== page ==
Quebec capital tax: November 21, 2003

Quebec capital tax: November 21, 2003

On November 21, 2003, the Montreal Chapter of Tax Executives Institute submitted the following letter to Minister of Finance Yves Seguin to express concern over a proposed delay in the reduction of the Quebec capital tax burden. The letter was prepared by the Montreal Chapter, whose president is Jean-Pierre Morier of GE Canada Equipment Financing.

On behalf of Tax Executives Institute (TEI), I am writing to voice our concern about a proposed delay in the reduction of the Quebec capital tax burden.

Tax Executives Institute is the preeminent association of business tax executives. The Institute’s 5,400 professionals manage the tax affairs of 2,800 of the leading companies in Canada, the United States, and Europe and must contend daily with Canada’s business tax laws. The comments set forth in this letter reflect the views of the Institute as a whole, but more particularly those of our Canadian constituency who constitute 10 percent of TEI’s membership. TEI is concerned with issues of tax policy and administration to our common benefit. We are convinced that the administration of the tax laws in accordance with the highest standards of professional competence and integrity, as well as an atmosphere of mutual trust and confidence between business and government, will promote the efficient and equitable operation of the tax system. TEI’s Montreal Chapter has held regular liaison meetings with both the Minister of Finance Quebecand Quebec Minister of Revenue for many years. These meetings have fostered a mutually beneficial relationship between the Institute and the Quebec Government and we look forward to our next round of meetings.

On June 12, 2003, the government released its 2003 budget proposals and announced its intention to defer the reduction in capital tax rates that was scheduled for calendar years 2004 and thereafter. The budget proposal also announced an increase in the general paid-up capital reduction to $600,000 effective January 1, 2004.

TEI commends the Quebec government for increasing the general paid-up capital deduction, but we urge it to reconsider the decision to defer the implementation of the capital tax rate reduction. TEI recognizes and appreciates the government’s concern about the potential revenue effect of the elimination of the tax, but capital taxes discourage business capital investment and destroy jobs. Moreover, capital taxes are extremely onerous for capital-intensive industries and punitive for companies in loss positions. We believe that any short-term revenue loss from the repeal of the capital tax will be offset by corporate and individual income taxes as well as payroll taxes from increased employment that will result from increased business capital investment.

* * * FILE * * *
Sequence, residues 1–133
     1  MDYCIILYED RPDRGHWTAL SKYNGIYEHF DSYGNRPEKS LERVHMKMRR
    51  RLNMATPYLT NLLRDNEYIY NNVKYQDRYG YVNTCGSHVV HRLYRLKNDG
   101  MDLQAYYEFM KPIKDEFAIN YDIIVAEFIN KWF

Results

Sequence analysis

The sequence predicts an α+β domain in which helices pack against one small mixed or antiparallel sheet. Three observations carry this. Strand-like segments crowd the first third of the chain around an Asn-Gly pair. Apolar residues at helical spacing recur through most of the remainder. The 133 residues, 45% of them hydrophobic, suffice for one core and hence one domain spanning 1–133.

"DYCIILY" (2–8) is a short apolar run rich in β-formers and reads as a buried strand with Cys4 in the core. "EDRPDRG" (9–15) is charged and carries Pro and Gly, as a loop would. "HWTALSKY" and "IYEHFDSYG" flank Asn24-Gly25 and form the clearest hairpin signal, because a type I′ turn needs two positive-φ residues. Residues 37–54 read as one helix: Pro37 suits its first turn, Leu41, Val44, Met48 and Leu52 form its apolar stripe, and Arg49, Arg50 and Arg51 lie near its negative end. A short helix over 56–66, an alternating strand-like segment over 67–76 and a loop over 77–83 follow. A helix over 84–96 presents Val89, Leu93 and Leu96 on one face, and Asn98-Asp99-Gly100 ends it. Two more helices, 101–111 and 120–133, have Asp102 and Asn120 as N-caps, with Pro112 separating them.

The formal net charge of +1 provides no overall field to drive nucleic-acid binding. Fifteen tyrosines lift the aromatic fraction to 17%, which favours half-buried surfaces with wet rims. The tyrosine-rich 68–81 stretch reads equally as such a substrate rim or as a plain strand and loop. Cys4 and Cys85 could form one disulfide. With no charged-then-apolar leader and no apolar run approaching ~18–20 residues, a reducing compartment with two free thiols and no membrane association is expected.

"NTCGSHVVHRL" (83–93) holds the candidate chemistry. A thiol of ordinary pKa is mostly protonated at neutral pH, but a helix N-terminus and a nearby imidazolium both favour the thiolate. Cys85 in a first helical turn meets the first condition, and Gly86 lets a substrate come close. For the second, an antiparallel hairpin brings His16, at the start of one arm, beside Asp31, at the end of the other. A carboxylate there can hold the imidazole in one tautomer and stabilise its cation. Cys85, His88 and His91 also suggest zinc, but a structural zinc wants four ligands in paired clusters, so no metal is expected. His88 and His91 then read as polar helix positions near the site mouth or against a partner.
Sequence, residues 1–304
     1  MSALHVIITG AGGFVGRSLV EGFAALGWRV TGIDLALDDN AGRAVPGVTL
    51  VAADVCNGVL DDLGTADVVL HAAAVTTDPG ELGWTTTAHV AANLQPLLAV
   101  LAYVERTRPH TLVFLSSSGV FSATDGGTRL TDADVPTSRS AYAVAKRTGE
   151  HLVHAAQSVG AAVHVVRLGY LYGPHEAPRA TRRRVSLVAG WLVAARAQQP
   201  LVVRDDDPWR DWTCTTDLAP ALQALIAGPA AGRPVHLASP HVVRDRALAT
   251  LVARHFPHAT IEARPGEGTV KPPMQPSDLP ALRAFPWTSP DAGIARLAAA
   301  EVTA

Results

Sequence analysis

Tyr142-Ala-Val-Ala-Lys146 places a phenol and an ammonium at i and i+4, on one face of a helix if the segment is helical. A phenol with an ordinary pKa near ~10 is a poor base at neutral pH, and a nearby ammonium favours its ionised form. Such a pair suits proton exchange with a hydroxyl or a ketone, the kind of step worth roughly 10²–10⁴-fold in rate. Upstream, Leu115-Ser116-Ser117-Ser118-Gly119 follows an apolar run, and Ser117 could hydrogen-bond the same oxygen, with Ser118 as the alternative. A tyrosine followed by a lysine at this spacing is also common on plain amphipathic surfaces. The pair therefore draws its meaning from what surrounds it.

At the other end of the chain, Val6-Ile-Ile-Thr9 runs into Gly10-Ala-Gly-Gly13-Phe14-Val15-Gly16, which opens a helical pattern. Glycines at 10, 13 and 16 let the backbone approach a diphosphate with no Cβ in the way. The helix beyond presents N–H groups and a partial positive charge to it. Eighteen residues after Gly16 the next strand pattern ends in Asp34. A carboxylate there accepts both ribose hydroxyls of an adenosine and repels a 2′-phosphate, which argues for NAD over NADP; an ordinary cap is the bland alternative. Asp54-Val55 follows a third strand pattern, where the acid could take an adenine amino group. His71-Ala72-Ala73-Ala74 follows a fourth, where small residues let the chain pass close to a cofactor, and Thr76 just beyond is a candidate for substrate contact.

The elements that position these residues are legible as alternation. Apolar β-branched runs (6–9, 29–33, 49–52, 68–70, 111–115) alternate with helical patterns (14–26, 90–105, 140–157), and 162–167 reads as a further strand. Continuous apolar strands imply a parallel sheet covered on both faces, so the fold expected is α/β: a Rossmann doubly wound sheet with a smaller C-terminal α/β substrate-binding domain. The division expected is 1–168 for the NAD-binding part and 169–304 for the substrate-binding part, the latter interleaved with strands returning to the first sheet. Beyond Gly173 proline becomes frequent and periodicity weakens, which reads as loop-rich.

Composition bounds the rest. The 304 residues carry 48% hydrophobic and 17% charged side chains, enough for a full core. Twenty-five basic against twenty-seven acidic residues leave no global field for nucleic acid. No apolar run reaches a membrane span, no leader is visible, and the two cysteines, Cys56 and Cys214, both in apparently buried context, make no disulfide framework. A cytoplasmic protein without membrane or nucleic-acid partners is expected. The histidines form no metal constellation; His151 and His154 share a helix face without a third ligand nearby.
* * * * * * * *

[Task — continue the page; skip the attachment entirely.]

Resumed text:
TEI has consistently advocated the elimination of all capital taxes at the federal and provincial levels. Indeed, repeal of the Federal Large Corporations Tax was one of the principal recommendations that TEI and others made during the 2002 Pre-Budget Discussions held by the House of Commons Standing Committee on Finance. TEI has subsequently urged the federal government to accelerate the elimination of its capital tax. In a similar vein, the previous government in Ontario announced a phased reduction in its capital tax that parallels the federal government’s capital tax reductions. We will urge the new Ontario government to maintain that course.

Accordingly, we recommend that the Quebec Government reinstate the planned reduction of the capital tax rates, with the ultimate objective of eliminating the capital tax in concert with the federal and Ontario governments. By adopting this approach, Quebec’s tax base will remain consistent with the federal government’s tax base and its competitiveness with the Ontario government’s tax base will be enhanced.

In the interim, in order to ameliorate the capital tax’s effect, we recommend that the Quebec government harmonise the definition of its capital tax base with that of the Federal Large Corporations Tax, at least to the extent of the investment allowance deduction. Currently, the Quebec investment allowance is prorated based on total assets rather than being fully deductible against the capital tax base. The proration of the investment allowance results in a double tax, which is difficult to justify under any circumstances.

TEI’s Montreal Chapter appreciates this opportunity to present its comments on Quebec’s capital tax. If you should have any questions about the submission, please do not hesitate to call me at 514.397.5311, Peter Sorenti, the chair of the Montreal Chapter’s Income and Capital Tax Committee, at 514.288.4545, or Monika M. Siegmund, chair of TEI’s National Income Tax Committee at 403.691.3210.

COPYRIGHT 2003 Tax Executives Institute, Inc.

COPYRIGHT 2004 Gale Group